Fresh data unveiled by Springboard, a footfall monitoring organisation, signals a significant uptick in visitor numbers to Aberdeen city centre, marking a promising outlook for the region’s economic resurgence. As per the North East Bus Allowance, nearly 20 million visits were tallied in Aberdeen city centre over the past year, with around 1.9 million attributed to Christmas shoppers alone.
In comparison to the previous year, these figures reveal a noteworthy surge, with footfall escalating by over 12% in 2023. This surge is particularly evident during the festive period, with the timeframe from November 26 to December 30 witnessing a notable influx of visitors. During this period, a total of 1,873,928 individuals were recorded traversing the city centre, indicating a marked increase from the previous month’s figures of 1,507,056.
Among the standout statistics, Saturday, December 16 emerged as the busiest day, with a staggering 91,954 visitors flocking to the city centre’s shops and the renowned Christmas Village. This surge in footfall surpasses the previous month’s peak, recorded on Saturday, November 25, coinciding with the Black Friday shopping extravaganza, where 81,107 visitors were tallied.
The Chief Executive of Aberdeen Inspired expressed enthusiasm at the news, hailing the increase in footfall as a significant boon for local businesses and attractions. He remarked, “It is more than welcome news that almost 1.9 million people chose to visit Aberdeen city centre over the festive period – a 12% increase on the year before.”
Highlighting the city’s resilience and allure, he emphasized the importance of promoting Aberdeen as a vibrant hub for commerce and leisure activities. He iterated, “This demonstrates beyond doubt Aberdeen city centre is very much open for business – a message that cannot be repeated often enough or loudly enough.”
Further insights were provided by the Chair of the North East Bus Alliance, who underscored the positive implications of the increased footfall. He asserted, “It’s encouraging that the latest figures show that nearly 1.9 million people, including many Christmas shoppers, visited the city centre in the last week of November and throughout December, up from 1.5 million in October into November.”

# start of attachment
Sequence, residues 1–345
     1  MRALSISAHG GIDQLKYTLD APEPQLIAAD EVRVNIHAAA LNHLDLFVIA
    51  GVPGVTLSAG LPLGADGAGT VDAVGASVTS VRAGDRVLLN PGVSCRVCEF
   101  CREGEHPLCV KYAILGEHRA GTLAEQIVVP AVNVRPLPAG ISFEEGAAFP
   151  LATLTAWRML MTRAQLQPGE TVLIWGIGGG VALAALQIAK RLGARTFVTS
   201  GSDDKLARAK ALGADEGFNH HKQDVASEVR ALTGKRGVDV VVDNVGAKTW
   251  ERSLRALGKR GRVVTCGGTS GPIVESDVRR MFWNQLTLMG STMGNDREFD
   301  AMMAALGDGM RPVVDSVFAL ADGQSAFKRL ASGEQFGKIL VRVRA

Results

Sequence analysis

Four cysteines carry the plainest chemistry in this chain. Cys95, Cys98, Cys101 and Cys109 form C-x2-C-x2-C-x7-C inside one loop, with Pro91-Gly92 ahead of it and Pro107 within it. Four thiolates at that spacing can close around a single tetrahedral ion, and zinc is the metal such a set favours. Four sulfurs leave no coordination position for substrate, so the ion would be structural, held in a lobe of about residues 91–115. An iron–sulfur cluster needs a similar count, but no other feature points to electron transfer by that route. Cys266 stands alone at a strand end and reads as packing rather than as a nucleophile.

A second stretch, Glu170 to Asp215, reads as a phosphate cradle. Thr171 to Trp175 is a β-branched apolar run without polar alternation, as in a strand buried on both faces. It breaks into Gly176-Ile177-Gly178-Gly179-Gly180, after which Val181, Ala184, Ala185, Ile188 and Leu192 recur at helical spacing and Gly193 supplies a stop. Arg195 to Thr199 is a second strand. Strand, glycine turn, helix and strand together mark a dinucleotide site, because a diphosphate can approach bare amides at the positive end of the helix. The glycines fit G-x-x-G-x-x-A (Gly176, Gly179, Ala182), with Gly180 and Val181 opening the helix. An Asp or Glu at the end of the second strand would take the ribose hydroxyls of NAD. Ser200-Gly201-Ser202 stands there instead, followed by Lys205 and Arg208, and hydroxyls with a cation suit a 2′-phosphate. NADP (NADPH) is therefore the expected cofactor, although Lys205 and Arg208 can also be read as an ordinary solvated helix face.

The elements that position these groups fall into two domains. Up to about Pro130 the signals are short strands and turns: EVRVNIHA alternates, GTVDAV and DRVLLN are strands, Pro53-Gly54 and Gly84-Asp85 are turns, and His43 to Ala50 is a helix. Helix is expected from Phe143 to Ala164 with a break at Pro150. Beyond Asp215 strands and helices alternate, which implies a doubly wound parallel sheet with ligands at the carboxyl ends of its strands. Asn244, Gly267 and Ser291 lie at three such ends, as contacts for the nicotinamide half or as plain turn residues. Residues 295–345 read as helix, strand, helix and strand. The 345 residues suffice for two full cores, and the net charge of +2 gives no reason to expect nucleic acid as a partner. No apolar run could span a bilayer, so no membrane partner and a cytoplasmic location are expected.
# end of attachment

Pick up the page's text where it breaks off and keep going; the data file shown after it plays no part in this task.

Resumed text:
Addressing concerns regarding transportation infrastructure, particularly the contentious city bus gates, he defended the measures as essential for managing traffic flow and promoting sustainable transport options. He stated, “The bus priority measures are an essential part of the bigger picture in terms of public transport.”
He further emphasized the role of reliable and eco-friendly transportation in fostering a conducive environment for businesses and residents alike, echoing sentiments of a brighter future for Aberdeen’s city centre.
Despite the challenges posed by the ongoing pandemic, the surge in footfall offers a glimmer of hope for Aberdeen’s economic recovery. As the city continues to navigate through uncertain times, the resilience demonstrated by its bustling city centre serves as a testament to Aberdeen’s enduring spirit and unwavering appeal. With concerted efforts to enhance infrastructure and promote sustainable growth, Aberdeen stands poised to reclaim its status as a thriving economic and cultural hub in the region.
In conclusion, the surge in footfall observed in Aberdeen city centre underscores a positive trajectory for the region’s recovery efforts. As businesses and authorities collaborate to navigate through challenges and capitalize on opportunities, Aberdeen’s resilience shines through, signalling a promising future for the city and its residents.